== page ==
An Exciting Virgin Creek SOS Survey

This last Friday was my last “official” SOS Survey at Virgin Creek. SOS Survey season ends with this weekend. While the season ends I have and will continued with my surveys at Virgin Creek because I (and others) think that it’s too early and my data provides needed information for late Fall and Winter shorebirds. I also think that the shorebird season is just getting interesting. On a whole I think that migration has been late this season. We have seen no Dunlin returning. Some think that the hot weather in the far North might be the reason for this.

The SOS people wanted us to share our stories about this season. They will publish them in the local Audubon newsletter later. My last survey was probably the most exciting of the season. Here is what I wrote on the SOS Website:

 

Fri Sep 13, 2013—My last “official” SOS Survey was the most exciting of the
season. I was having a good shorebird day at Virgin Creek this morning. Had all
my birds lined up nicely in the plentiful kelp as I walked the beach. No dogs.
No people. Things were going well. Had my camera lined up to take the “perfect”
Whimbrel picture. Then all hell broke out. Every shorebird in the area took
flight. I looked up to find not one but two PEREGRINE FALCONS literally dive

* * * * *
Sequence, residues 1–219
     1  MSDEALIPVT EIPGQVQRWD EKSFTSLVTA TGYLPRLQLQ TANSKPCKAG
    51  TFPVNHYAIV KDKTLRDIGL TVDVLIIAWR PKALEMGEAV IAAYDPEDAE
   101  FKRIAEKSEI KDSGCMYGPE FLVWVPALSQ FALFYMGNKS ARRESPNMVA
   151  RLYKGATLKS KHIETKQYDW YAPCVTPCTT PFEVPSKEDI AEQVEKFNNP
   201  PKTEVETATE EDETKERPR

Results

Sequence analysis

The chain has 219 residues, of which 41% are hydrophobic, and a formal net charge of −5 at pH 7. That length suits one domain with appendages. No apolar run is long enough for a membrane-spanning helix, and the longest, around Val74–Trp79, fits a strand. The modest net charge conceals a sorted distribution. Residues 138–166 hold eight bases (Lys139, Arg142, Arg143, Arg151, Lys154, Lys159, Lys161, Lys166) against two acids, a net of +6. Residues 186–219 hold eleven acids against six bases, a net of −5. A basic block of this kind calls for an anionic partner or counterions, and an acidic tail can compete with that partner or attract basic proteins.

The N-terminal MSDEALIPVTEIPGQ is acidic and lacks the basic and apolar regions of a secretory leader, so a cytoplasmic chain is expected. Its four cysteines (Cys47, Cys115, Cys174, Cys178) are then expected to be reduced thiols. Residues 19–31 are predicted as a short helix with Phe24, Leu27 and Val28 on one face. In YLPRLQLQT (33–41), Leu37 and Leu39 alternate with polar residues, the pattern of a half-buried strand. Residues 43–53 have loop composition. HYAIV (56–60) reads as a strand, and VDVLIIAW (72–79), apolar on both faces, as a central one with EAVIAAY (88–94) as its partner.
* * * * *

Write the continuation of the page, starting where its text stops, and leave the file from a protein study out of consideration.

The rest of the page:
bombing the kelp 20 feet from me. They did this for what seemed a long time. I
saw one chase a Godwit out to sea. They left the beach flying to the south.
Needless to say the beach was bare after that. I checked my camera to see if I
caught any of it and was disappointed because my camera was too slow to capture
much of the action. The shorebirds started to come back but my survey was
screwed. On my way back up the beach it happened again with just one of the
falcons. It flew just a few feet over my head and then flew south just 2 feet
over the kelp. I got a picture that I just downloaded to my shorebird file. It
was a first year PEFA. No shorebirds were harmed during the survey.

Richard Hubacek
Little River

 

The perfect Whimbrel picture that never happened is this one.

The reason for this sudden flight was this.

Can’t beat a day like that.

 

The Buff-breasted Sandpiper on Thursday was number 231 for the year with over 2094 truck miles saved.

 

 

 

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